On May 23, President Barack Obama told more than 1,000 jubilant, uniform-prepped-and-polished graduates of the U.S. Air Force Academy that the world has a "new feeling about America." He declared: "I see it everywhere I go, from London and Prague to Tokyo and Seoul to Rio and Jakarta. There's a new confidence in our leadership." If only it were true.
Obama boasted, "We can say with confidence and pride: The United States is stronger, safer and more respected in the world."
"Stronger, safer and more respected"?
"Stronger," as in Obama's plan to initiate more than $500 billion in automatic cuts to the defense budget over a decade, starting next January. Bloomberg Businessweek reported that the Democratic-controlled Senate voted May 24 to authorize another reduced spending package for the Pentagon.
"Safer," as in the report card from the Bipartisan Policy Center, including many of the original 9/11 Commission members, which reported on national preparedness 10 years after those catastrophic terrorist attacks: "Our country is undoubtedly safer and more secure than it was a decade ago," but "we fail to achieve the security we could or should have." The report concluded that the federal government has failed to meet nine of the 9/11 Commission's 41 recommendations.
"More respected," as in The Washington Times' report that according to a poll by even two left-leaning groups, "a majority of Americans say the United States is less respected in the world than two years ago and believe President Obama and other Democrats fall short of Republicans on the issue of national security."
In February, Gallup reported that "Americans continue to express much greater dissatisfaction than satisfaction with the United States' position in the world, and their views have improved little since hitting a low point in 2008."
Why do we have such a weak, unsecured and disrespected U.S.?
Maybe a significant reason is that Obama paraded U.S. weaknesses and mistakes to the world in his 2009 "apology tour." (Check out http://bit.ly/JIG7J1 to see The Heritage Foundation's report on the top 10 decries of America by Obama.)
Sandwich all of those apologies and countless others since then with the apology in March for the unintentional burning of Qurans in Afghanistan and we have a perfect recipe for America's global disrespect and dissolution.
Mr. President, you don't build national or leadership strength, safety and respect by groveling and groping.
If you want examples of how America could become "stronger, safer and more respected," then look no further than to our amazing, exemplary, courageous U.S. military personnel — especially those who have paid the ultimate sacrifice for our freedom and republic, including some of the people I met on my two trips to Iraq. They are the ones who truly create the good U.S. qualities and deserve the credit for them.
One thing we can say for sure: Though the federal government and this administration have weakened our standing in the world and despite the lack of leadership by the commander in chief, our dedicated service members are responsible for strengthening our republic. To all who have served or are serving our great country, I salute you!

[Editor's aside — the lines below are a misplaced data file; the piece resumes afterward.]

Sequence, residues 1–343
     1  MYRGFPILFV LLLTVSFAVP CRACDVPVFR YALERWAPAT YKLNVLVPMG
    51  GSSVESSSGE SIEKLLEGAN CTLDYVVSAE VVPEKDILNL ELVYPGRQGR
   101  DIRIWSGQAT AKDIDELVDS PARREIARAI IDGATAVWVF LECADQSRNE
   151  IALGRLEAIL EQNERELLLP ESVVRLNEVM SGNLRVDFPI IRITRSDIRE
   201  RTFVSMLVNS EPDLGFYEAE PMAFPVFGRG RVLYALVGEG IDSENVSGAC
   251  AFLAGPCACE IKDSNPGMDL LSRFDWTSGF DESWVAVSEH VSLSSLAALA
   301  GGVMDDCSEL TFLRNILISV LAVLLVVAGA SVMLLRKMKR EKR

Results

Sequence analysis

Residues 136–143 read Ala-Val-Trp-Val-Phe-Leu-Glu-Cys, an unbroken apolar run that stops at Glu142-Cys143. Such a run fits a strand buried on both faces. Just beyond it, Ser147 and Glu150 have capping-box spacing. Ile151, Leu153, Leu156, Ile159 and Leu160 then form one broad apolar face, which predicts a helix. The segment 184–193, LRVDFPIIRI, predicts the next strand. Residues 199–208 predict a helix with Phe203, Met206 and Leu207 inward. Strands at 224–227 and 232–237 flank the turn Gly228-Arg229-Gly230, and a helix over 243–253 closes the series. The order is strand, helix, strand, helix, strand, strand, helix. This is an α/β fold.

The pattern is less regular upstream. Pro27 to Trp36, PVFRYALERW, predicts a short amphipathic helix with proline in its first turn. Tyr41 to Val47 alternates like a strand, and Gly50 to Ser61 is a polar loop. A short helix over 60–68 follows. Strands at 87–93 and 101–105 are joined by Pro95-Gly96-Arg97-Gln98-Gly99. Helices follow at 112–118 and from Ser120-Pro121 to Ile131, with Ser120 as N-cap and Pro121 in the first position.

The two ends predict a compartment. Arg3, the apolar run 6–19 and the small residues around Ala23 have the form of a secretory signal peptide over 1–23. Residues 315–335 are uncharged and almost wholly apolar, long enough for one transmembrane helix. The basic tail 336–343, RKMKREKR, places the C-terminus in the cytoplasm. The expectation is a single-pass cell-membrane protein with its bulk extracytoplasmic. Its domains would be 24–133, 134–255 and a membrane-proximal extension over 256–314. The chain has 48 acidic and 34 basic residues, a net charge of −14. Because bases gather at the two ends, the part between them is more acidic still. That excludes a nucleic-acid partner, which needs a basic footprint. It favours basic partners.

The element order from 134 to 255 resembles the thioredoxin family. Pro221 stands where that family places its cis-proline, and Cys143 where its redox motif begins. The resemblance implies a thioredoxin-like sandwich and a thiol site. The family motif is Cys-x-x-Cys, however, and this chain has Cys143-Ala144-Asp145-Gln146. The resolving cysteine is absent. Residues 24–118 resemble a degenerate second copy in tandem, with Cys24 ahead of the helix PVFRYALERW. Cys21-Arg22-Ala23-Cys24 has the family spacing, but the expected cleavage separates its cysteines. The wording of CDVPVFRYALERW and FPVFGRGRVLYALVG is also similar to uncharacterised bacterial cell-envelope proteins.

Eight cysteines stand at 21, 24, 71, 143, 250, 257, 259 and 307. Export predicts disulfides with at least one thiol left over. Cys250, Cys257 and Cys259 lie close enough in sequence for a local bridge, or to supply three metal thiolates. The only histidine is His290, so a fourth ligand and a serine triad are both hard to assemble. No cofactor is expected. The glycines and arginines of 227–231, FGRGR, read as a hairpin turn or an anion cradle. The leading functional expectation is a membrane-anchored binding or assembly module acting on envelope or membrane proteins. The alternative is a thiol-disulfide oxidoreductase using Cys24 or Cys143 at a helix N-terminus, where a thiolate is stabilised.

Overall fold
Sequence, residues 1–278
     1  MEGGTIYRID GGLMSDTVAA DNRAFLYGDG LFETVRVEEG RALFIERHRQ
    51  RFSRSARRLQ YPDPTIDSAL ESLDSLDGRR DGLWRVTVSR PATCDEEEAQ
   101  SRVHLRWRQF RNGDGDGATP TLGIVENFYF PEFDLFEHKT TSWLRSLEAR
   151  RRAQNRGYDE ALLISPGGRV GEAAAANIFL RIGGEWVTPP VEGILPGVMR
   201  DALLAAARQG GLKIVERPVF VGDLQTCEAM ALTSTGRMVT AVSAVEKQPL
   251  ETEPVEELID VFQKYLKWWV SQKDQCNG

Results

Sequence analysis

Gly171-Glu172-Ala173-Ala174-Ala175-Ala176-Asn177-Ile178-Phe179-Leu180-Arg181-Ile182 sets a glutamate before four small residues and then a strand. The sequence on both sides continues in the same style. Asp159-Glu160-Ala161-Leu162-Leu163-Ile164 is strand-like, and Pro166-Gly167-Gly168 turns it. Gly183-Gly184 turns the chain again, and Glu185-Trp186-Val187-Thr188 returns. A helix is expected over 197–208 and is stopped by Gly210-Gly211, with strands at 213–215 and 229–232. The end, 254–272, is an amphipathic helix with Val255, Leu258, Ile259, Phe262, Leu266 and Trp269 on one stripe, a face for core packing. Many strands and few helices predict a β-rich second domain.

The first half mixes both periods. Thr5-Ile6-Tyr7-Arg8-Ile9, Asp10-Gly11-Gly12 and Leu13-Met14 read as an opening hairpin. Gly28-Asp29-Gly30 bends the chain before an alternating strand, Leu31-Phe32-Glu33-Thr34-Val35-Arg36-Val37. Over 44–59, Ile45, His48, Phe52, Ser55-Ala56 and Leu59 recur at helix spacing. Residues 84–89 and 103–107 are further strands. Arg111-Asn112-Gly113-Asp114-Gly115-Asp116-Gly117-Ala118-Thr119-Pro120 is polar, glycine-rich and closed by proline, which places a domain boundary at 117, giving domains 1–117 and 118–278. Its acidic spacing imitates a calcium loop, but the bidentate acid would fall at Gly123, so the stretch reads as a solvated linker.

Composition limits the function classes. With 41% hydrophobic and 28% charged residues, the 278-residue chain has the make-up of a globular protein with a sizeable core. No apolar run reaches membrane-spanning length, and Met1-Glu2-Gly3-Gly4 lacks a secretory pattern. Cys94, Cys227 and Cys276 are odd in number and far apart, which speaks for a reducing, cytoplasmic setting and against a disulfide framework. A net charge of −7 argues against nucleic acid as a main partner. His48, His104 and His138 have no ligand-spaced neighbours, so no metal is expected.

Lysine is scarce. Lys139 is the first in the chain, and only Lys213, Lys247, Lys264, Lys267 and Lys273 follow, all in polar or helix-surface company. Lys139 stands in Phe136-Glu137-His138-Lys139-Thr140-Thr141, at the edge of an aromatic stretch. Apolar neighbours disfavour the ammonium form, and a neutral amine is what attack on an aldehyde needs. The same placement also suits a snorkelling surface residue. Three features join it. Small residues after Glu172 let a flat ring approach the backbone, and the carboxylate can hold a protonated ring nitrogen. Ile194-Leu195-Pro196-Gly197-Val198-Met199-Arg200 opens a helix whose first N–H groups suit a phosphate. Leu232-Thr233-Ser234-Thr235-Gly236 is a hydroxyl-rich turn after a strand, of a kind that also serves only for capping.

My father fought and was wounded in World War II, in the Battle of the Bulge. I served in the U.S. Air Force in Korea. I am also an honorary Marine. My brother Aaron served in the U.S. Army in Korea. And our brother, Wieland, served in the Army in Vietnam, where he paid the ultimate price June 3, 1970. Wieland was posthumously awarded the Bronze Star with "V" device (first oak leaf cluster) for his heroism. His name is etched among those of more than 58,000 other fallen service members on the Vietnam Veterans Memorial in Washington. (Go to http://bit.ly/JQd0Nt to watch my 91-year-old mother speak about Wieland in her interview on Fox News Channel's "Huckabee.")
It's fitting for a soldier like Wieland that Memorial Day falls every year a week or so before the anniversary of when he gave his life for the cause of freedom. Though we didn't win the Vietnam War, my brother did not die in vain, just as the case is with other service members today.
Whether they be for our freedom or another's, the words of Jesus are true for all: "There is no greater love than this: that a man lay down his life for another."
About such patriots, Gen. George S. Patton was right: "It is foolish and wrong to mourn the men who died. Rather, we should thank God that such men lived."
Follow Chuck Norris through his official social media sites, on Twitter @chucknorris and Facebook's "Official Chuck Norris Page." He blogs at http://chucknorrisnews.blogspot.com. To find out more about Chuck Norris and read features by other Creators Syndicate writers and cartoonists, visit the Creators Syndicate Web page at www.creators.com.